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Table of Contents   
CASE REPORT
Year : 2017  |  Volume : 7  |  Issue : 7  |  Page : 52-54
Fracture fragment reattachment using projectors and anatomic everstick post: An ultraconservative approach


Department of Conservative Dentistry and Endodontics, Lenora Institute of Dental Sciences, Rajahmundry, Andhra Pradesh, India

Date of Submission15-Apr-2017
Date of Acceptance27-May-2017
Date of Web Publication20-Jun-2017

Correspondence Address:
Velagala L Deepa
Department of Conservative Dentistry and Endodontics, Lenora Institute of Dental Sciences, Rajanagaram, Rajahmundry, Andhra Pradesh
India
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Source of Support: None, Conflict of Interest: None


DOI: 10.4103/jispcd.JISPCD_151_17

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   Abstract 

Traumatized anterior teeth require quick functional and esthetic repair. Tooth fragment reattachment is a simple and conservative clinical procedure to restore fractured anterior teeth. Different techniques of reattachment include enamel beveling, “v-” shaped internal enamel and dentin grooves, external chamfer, over contouring, and by placing fiber post, all of which were invasive methods. This article describes a novel technique of reattachment using canal projectors for stabilizing fractured fragments followed by endodontic therapy and internal reinforcement with custom fiber post (everStick Post, GC Corporation, Tokyo, Japan).


Keywords: Canal projectors, fiber post, reattachment


How to cite this article:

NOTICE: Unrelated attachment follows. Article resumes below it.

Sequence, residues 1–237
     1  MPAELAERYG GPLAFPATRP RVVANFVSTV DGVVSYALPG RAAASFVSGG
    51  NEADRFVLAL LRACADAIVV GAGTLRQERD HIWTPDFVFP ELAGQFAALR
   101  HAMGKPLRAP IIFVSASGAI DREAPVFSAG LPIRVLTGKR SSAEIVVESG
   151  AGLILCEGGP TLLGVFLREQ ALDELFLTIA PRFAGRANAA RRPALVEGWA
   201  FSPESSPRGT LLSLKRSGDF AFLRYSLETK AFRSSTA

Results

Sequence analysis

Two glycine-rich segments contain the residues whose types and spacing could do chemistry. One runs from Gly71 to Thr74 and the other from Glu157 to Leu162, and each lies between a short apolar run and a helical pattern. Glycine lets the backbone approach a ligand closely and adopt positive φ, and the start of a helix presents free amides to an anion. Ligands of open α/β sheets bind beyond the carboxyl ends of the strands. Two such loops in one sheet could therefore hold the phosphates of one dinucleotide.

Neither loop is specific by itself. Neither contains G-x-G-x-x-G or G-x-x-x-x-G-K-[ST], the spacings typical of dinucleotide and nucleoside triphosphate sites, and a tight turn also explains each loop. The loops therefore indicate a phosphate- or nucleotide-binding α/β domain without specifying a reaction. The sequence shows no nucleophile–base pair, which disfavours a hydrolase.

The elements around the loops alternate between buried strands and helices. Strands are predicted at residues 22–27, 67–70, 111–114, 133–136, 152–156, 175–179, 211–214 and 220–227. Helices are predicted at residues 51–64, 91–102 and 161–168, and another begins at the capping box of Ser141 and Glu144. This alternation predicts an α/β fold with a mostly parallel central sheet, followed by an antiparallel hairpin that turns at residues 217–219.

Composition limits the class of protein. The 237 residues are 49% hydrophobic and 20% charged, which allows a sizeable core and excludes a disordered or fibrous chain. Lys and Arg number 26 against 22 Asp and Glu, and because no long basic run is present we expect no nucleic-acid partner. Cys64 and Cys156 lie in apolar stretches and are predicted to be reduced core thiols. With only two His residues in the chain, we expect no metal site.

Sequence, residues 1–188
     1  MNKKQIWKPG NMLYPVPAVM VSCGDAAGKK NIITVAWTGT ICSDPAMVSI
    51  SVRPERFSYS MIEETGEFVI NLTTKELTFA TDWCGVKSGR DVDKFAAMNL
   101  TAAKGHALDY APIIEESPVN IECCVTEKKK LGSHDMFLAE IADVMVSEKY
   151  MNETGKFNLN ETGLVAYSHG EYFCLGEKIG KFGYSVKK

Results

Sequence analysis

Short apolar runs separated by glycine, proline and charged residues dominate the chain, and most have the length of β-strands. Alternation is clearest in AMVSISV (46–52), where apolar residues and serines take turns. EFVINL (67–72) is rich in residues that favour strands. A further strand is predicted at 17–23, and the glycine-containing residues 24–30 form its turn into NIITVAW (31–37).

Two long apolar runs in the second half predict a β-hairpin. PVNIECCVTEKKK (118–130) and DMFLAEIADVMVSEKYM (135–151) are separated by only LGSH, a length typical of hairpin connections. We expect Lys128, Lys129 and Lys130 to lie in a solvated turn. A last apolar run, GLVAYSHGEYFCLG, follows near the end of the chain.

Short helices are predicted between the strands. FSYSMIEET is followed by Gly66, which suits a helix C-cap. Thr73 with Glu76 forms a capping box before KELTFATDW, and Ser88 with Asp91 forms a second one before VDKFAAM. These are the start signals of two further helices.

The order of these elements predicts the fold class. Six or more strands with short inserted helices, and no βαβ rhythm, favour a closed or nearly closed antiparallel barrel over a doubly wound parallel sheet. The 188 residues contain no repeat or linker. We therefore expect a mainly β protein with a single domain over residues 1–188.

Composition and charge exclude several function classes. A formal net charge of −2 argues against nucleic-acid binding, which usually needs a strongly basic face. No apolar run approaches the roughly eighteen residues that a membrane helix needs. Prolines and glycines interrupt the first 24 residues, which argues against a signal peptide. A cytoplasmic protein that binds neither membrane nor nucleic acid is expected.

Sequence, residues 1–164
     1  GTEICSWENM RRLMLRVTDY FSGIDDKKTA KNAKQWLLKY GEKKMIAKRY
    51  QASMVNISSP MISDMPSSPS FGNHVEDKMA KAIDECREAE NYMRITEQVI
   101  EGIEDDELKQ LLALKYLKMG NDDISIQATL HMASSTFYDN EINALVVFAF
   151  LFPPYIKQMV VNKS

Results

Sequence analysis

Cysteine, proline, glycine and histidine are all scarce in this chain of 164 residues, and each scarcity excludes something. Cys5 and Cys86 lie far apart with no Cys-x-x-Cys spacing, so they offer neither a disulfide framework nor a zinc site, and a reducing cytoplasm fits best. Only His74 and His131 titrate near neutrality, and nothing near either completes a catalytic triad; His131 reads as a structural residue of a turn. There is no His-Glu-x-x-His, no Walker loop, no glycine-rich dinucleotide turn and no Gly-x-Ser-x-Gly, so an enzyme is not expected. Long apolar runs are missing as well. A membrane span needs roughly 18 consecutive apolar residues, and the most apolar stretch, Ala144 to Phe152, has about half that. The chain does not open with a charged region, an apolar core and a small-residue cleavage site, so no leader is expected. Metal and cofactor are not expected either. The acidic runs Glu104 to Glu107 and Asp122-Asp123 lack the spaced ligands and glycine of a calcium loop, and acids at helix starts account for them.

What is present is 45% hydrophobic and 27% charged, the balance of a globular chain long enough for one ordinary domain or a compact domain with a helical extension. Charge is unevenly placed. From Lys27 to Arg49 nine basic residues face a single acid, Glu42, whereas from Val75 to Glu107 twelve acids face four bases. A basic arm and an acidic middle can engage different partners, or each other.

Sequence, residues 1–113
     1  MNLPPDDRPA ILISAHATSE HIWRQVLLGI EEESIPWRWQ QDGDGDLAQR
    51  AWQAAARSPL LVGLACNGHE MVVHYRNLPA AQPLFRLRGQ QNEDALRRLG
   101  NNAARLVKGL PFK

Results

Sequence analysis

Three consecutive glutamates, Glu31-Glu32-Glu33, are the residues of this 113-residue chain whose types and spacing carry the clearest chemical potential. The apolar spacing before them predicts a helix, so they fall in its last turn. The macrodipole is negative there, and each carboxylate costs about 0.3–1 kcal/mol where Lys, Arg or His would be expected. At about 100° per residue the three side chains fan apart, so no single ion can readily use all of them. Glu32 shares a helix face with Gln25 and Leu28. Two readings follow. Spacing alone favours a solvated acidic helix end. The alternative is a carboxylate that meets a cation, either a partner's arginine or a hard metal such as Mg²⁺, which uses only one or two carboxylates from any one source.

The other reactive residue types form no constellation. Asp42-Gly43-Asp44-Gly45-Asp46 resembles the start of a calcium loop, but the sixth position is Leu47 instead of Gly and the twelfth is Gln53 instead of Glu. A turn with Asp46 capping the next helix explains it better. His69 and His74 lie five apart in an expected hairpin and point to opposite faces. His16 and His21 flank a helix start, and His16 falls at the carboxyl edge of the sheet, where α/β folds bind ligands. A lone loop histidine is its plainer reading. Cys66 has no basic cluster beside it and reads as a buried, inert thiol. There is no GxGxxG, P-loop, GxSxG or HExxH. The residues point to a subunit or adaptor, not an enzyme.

Deepa VL, Reddy SN, Garapati VC, Sudhamashetty SR, Yadla P. Fracture fragment reattachment using projectors and anatomic everstick post: An ultraconservative approach. J Int Soc Prevent Communit Dent 2017;7, Suppl S1:52-4

How to cite this URL:
Deepa VL, Reddy SN, Garapati VC, Sudhamashetty SR, Yadla P. Fracture fragment reattachment using projectors and anatomic everstick post: An ultraconservative approach. J Int Soc Prevent Communit Dent [serial online] 2017 [cited 2019 Jul 19];7, Suppl S1:52-4. Available from: http://www.jispcd.org/text.asp?2017/7/7/52/208509



   Introduction Top


Reattachment of fractured coronal tooth fragment without invading the attachment apparatus is one of the most currently acceptable noninvasive treatment options with a high clinical success due to vast advancements in adhesive technology.[1] Simple complicated supragingival fractures can be managed by endodontic therapy followed by bonding the fragments and stabilized with a fiber post.[2],[3],[4] An ultraconservative option of managing such fractures is by preendodontic stabilization using projectors followed by endodontic therapy and internal reinforcement using individualized custom fiber post.

Canal projectors were first introduced by Gerald N Glickmann and Roberta Pileggi to maintain the patency of the root canal during preendodontic buildup of a badly mutilated tooth. These projectors provide direct visualization and access to the projected canals. In this case report, we have described the unique benefits of using canal projection, not only for stabilizing fractured coronal fragment but also acts as a “hydraulic chamber” with increased surface area for even distribution of stresses.[5]

Recently a new soft, flexible individually formable resin-impregnated E-glass fiber post (everStick Post , GC Corporation, Tokyo, Japan) with patented interpenetrating polymer network was introduced to suit any root canal morphology without the need for postspace preparation thus preserving the root dentin. These are available in three diameters of 0.9 mm, 1.2 mm, and 1.5 mm having 1600, 2000, and 4000 fibers, respectively, with a modulus of elasticity similar to that of dentin, facilitating even distribution of occlusal stresses.[6]

This article presents a novel technique of fractured fragment reattachment using projectors and individually formable everStick glass fiber posts.


   Case Report Top